EYEWITNESS LOCAL NEWSPENSION PROBLEMS
from Eyewitness News Online
Pension Crisis Looming For Charleston and Other WV Cities
Reported by: Deborah Linz
Web Producer: Jeff Morris
Reported: Sep. 26, 2012 10:26 AM EDT
Updated: Sep. 26, 2012 11:22 AM EDT
Charleston , Kanawha County , West Virginia
Out-of-control pensions are draining cities and counties across the country. Several have had to file for bankruptcy as a result.
Eyewitness News Anchor Deborah Linz spoke with Charleston Mayor Danny Jones to see if cities in West Virginia could be next.
Jones said the pension problem in Charleston is $250 million.
That means if every police officer and firefighter in the city of Charleston were to retire, the city would be $250 million short in paying their pensions.
Jones has already had to cut 25 members of the fire department and 20 police officers to save money.
"It's going to cost taxpayers the continual raising of fees," Jones said.
Jones said the user fee will likely go up at least another dollar his next term.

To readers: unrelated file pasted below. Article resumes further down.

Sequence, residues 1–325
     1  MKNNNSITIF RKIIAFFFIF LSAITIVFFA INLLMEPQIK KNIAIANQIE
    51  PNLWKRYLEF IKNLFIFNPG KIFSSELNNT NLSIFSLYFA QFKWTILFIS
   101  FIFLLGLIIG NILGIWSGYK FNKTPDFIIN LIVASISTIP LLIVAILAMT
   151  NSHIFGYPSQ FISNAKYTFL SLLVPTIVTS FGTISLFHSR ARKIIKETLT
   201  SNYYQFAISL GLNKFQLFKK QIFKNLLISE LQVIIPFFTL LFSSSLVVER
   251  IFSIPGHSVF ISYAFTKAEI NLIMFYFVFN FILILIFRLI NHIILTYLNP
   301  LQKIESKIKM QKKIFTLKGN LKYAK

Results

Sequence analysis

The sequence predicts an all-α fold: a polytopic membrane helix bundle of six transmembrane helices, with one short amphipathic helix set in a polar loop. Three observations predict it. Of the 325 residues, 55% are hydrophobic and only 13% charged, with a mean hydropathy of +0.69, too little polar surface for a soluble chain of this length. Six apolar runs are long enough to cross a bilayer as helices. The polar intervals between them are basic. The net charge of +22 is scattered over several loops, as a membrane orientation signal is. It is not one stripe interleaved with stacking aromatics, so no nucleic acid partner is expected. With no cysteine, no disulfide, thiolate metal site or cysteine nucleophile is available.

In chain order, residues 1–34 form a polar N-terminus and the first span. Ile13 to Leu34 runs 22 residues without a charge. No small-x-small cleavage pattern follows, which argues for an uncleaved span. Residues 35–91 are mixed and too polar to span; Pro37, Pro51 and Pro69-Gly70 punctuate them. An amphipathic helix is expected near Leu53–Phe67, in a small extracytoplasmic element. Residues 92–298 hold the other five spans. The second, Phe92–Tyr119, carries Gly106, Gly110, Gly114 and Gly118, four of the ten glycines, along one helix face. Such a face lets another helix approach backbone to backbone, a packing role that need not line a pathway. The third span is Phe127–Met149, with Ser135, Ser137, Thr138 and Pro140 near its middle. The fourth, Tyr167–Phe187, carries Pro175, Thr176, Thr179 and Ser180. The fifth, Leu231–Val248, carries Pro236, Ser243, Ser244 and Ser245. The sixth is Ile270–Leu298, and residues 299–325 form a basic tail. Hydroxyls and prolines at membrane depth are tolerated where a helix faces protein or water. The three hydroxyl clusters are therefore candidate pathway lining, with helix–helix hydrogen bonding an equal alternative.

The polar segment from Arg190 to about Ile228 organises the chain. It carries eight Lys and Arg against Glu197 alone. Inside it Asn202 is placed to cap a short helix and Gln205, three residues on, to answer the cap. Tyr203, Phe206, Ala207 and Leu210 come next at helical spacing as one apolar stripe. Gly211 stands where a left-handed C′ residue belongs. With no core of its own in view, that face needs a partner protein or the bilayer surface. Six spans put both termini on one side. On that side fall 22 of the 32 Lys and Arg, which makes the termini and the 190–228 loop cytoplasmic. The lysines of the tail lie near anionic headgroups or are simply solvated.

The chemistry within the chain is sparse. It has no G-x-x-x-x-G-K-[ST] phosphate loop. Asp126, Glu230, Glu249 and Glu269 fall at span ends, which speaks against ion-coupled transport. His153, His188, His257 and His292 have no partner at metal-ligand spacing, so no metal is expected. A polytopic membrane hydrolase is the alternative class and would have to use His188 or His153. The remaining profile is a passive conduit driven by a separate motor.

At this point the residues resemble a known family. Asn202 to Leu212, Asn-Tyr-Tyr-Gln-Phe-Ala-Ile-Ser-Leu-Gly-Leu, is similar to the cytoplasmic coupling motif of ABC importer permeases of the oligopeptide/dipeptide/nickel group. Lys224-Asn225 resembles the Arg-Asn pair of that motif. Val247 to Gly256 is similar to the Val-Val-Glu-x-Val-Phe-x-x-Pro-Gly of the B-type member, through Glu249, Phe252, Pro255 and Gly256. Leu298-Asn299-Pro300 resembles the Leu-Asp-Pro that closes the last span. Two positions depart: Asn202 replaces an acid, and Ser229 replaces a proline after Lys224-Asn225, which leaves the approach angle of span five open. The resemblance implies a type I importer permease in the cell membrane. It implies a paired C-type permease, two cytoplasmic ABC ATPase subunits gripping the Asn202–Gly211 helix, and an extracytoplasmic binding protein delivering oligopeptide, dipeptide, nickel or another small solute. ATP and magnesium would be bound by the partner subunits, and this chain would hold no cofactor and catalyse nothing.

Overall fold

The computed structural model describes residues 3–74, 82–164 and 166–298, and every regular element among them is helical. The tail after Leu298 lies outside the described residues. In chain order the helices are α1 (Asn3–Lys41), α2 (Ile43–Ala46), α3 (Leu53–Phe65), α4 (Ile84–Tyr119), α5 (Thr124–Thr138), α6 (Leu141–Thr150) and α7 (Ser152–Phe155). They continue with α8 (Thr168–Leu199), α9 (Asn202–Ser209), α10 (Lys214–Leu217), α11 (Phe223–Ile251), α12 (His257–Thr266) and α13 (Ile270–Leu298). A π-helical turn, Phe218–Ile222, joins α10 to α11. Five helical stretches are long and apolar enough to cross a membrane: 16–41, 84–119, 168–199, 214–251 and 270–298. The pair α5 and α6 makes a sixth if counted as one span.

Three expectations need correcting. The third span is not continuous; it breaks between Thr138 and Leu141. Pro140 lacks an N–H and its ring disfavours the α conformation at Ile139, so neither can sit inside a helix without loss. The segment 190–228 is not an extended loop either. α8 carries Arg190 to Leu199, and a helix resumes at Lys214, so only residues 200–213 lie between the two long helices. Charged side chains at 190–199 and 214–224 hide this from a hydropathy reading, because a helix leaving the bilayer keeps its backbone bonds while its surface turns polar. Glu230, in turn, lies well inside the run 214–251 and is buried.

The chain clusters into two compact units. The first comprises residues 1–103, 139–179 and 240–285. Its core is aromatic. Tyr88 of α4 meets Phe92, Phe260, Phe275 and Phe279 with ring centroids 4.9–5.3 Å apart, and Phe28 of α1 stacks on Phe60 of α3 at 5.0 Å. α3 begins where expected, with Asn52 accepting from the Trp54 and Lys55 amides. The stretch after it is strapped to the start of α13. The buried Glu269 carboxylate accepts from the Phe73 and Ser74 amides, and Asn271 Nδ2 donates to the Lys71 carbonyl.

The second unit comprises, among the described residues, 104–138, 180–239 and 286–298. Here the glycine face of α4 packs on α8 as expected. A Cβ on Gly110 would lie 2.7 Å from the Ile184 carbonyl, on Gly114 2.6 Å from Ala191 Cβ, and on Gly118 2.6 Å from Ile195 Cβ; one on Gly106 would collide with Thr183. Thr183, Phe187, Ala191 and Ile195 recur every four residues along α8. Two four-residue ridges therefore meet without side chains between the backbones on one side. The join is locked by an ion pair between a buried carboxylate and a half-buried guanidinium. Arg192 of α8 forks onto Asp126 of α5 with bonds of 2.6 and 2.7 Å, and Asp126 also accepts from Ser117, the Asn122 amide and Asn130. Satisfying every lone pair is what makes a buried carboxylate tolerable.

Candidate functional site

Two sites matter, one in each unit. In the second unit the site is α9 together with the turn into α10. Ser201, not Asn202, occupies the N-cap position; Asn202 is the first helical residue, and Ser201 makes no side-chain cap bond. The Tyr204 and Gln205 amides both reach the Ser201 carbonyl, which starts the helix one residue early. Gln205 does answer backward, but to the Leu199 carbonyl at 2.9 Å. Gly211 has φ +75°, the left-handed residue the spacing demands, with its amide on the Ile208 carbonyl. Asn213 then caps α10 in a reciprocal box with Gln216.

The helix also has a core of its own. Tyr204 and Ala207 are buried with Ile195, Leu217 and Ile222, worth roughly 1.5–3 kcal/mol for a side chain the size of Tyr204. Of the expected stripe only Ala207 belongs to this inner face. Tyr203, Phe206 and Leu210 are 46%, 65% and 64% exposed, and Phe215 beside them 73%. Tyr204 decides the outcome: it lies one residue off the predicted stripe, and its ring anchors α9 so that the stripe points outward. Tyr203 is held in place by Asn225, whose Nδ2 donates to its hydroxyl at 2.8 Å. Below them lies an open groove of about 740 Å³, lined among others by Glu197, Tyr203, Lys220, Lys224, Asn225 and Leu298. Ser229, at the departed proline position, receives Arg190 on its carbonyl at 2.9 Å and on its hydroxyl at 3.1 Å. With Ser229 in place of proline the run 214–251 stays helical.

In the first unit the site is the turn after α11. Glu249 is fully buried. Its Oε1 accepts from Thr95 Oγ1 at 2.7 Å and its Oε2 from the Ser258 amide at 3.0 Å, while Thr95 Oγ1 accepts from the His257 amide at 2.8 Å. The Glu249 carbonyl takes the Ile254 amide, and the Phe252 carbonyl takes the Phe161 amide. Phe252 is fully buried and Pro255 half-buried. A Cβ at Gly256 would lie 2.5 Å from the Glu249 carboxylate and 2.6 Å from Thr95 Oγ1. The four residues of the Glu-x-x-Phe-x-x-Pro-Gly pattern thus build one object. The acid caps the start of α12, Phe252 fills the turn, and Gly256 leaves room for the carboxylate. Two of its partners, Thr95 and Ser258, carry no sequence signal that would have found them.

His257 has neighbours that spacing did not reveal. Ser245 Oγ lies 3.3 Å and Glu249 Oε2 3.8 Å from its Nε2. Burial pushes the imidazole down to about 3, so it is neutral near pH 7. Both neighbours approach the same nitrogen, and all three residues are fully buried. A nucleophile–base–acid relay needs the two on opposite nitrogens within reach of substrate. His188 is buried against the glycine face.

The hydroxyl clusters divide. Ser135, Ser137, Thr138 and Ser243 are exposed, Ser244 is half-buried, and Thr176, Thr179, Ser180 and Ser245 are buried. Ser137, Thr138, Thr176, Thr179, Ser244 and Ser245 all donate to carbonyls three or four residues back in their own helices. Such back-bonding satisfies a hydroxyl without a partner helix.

But residents aren't the only ones paying the price – city employees haven't gotten a raise in four years.
Charleston isn't alone in its pension problems. A recent study found West Virginia cities must find $976 million in the coming years if they want to keep their promises to retiring police and firefighters.
The shortfall stems from a state law passed in 1991, allowing cities to lower their payments to uniform retirement funds.
Right now, Charleston pays 11.3 percent of its $84 million budget to pensions every year, that's about 9.5 million dollars
Huntington, on the other hand, is in far worse shape. Jones said the River City is ground zero, paying 25 percent of its budget to pensions. That means $10 million of its $40 million budget goes directly to pensions, consequently paralyzing the city from growing and reaching its full potential. Jones is adamant the Legislature needs to step up and fix the problem before it's too late.
"You wait for one of our cities to go bankrupt, and then they will have to act because it will hurt the state's credit rating," Jones said.
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